The occasional, often ill-considered thoughts of a Roman Catholic permanent deacon who is ever grateful to God for his existence. Despite the strangeness we encounter in this life, all the suffering we witness and endure, being is good, so good I am sometimes unable to contain my joy. Deo gratias!

The thoughts expressed here are my personal thoughts and sometimes reflect my political views. As a private citizen I have every right to express these views.

Thursday, December 9, 2010

Gaudi, Sagrada Familia, Sainthood & More


If you've been following this blog for the past few weeks, you'll know that Diane and I spent some time in Barcelona last month. We both agree that the highlight of our stay was our visit to the newly designated Basilica of Sagrada Familia (Holy Family). Its consecration as a Catholic church and basilica by Pope Benedict XVI occurred while we were in Barcelona, and we were privileged to have seen the Holy Father as he passed by us in the Popemobile en route to the church. We actually didn't visit Sagrada Familia until the following week after we had returned from a week-long cruise in the western Mediterranean. We would happily have joined Pope Benedict at the consecration on November 7, but I think our invitations got lost in the mail.
Sagrada Familia from Montjuic (Note large cranes.)

Over the years I've visited and worshiped in a lot of churches and cathedrals, but this basilica is far and away the most remarkable. The exterior is so unique, so different from any other church, that one can spend hours just looking at it from every possible angle, trying to absorb all that the architect, Antoni Gaudi, has presented to the world. Gaudi actually began working on the project in 1883 and completely revised the original architect's designs. His many successors have been diligent in bringing Gaudi's vision to reality. As it stands now, the church has been under construction for a mere 128 years and will likely remain so for another decade or two. If I am fortunate, I may live long enough to see its completion and perhaps make another visit. But Diane and I both consider ourselves blessed to have had the opportunity to experience it at least once.

Sagrada Familia: The Passion Facade

As remarkable as its exterior is, the interior can only be described as breathtaking. Indeed, that's exactly what happened to me when I first entered and tried to take it all in. I literally had my breath taken away. It was similar to the experience of first entering St. Peter's Basilica in Rome, except there I had expected to be astounded by both size and beauty. Entering Sagrada Familia, however, was different because what I encountered was so completely unexpected. The basilica is shockingly beautiful. It possesses the familiarity of a large church or cathedral with all the standard features: nave, transepts, apse, etc... But everything is so completely different from anything I had ever seen before.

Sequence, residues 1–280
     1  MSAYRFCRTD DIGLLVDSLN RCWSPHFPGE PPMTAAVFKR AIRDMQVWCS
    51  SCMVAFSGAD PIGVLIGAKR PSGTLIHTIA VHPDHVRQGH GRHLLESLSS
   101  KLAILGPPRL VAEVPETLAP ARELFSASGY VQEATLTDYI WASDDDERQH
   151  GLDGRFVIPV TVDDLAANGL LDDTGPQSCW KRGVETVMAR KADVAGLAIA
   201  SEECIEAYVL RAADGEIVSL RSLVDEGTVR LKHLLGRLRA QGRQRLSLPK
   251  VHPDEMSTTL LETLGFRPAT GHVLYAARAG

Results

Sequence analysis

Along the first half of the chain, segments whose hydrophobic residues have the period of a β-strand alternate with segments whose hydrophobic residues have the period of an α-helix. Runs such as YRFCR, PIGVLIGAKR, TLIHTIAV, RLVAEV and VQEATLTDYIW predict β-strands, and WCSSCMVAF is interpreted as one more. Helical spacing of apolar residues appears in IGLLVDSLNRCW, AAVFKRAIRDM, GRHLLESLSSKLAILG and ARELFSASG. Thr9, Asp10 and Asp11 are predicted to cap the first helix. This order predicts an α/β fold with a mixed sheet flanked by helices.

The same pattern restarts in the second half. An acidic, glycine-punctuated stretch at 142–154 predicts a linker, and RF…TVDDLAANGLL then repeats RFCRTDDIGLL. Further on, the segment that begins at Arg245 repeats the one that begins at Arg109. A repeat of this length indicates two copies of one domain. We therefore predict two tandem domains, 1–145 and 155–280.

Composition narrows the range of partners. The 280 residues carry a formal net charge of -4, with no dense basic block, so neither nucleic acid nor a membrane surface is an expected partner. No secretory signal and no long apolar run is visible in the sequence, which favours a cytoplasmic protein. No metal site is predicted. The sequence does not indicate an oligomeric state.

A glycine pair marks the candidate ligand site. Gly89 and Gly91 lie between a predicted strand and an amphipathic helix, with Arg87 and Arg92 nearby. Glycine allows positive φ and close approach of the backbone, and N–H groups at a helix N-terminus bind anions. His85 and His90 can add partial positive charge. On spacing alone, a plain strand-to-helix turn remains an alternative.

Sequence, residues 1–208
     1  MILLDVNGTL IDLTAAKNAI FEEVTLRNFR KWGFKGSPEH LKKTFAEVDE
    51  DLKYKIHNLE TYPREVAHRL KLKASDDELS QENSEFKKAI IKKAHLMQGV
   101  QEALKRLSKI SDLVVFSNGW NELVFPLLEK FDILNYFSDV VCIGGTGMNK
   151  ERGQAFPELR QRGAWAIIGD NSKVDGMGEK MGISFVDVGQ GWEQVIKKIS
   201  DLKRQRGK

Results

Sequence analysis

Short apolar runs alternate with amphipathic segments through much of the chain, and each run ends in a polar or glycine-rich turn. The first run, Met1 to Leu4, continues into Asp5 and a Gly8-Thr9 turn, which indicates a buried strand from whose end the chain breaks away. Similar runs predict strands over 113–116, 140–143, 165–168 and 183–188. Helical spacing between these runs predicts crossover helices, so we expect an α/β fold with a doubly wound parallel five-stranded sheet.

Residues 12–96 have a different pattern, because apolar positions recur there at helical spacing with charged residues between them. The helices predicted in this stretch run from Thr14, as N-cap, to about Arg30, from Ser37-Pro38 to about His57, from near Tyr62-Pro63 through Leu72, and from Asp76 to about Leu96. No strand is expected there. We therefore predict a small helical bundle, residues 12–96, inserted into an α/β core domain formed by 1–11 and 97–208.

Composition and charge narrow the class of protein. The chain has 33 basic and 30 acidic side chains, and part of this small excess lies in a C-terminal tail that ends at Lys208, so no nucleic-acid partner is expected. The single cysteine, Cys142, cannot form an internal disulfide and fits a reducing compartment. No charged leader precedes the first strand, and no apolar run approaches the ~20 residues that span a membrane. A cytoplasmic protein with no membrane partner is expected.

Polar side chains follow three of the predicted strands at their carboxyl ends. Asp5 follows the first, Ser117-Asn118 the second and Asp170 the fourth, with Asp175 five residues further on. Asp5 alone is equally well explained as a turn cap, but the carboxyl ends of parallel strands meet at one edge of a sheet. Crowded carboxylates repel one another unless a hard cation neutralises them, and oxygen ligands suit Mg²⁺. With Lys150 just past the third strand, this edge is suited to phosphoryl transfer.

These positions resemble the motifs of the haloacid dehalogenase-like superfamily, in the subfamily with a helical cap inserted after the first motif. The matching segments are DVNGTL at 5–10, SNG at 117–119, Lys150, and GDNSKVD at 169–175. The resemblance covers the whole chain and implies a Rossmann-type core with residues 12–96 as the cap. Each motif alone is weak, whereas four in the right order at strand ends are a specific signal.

Central Vault with the four evangelists
The work of Antoni Gaudi (1852-1926), Barcelona's most famous architect, is scattered throughout the city and elsewhere and is typified by its seeming liquidity, its gravity defying designs that sometimes appear almost alive. Before my visit to Barcelona I didn't expect to like his work, but it took only a moment for Gaudi to change my mind. Diane and I especially enjoyed our visit to La Pedrera (sometimes known as Casa Milà), a building designed by Gaudi and completed in 1912. 
Facade of La Pedrera from the street
Interestingly, in most of the guidebooks and other publications I read before and during our visit, there was remarkably little about Gaudi the man. Almost everything centered on his work. In particular I could find no answer to the one question that intrigued me: Why did he devote almost all of the last 30 years of his life to Sagrada Familia? After all, he was a very successful and high-priced architect. Why would he drop almost everything else to focus on this one project? I had read that he even poured all of his personal wealth into the project and for 30 years led an ascetic life, even taking up residence in the church as it was under construction.Was this just a personal obsession, a professional fixation on a major project?

And then, in one guidebook, I read about the cause of it all. After he had been working on Sagrada Familia for a decade, Gaudi, it seems, underwent a conversion in his 40s. Subsequently, from 1906 until his accidental death in 1926, he lived an almost monk-like existence in which he abstained from meat and alcohol, went to daily confession and Mass, and developed a deep prayer life. Sagrada Familia became, in his words, his "expiatory temple" and God became his client. Indeed, he became known as "God's acrhitect."

I also just discovered that Gaudi has been under consideration for beatification and ultimately for sainthood. I didn't realize his cause has progressed to this point. Indeed, I actually didn't realize he even had a cause, but apparently it was initiated over ten years ago. It's all very interesting. You can read more here (from 2000) and here (from 2010).

I've included a few more photos of both Sagrada Familia and La Pedrera below. I took these and the above photos during our visit to Barcelona.

Sagrada Familia: 4 of the towers (cranes digitally removed)
Sagrada Familia
Sagrada Familia: the Nativity Facade
Sagrada Familia: Interior
Sagrada Familia: Above Sanctuary
Sagrada Familia: the Nave
Sagrada Familia facade detail: Marriage of Mary and Jospeph
La Pedrera: Rooftop Sculptures
La Pedrera: Atrium
La Pedrera: Interior rooftop in atrium well
Blessings...

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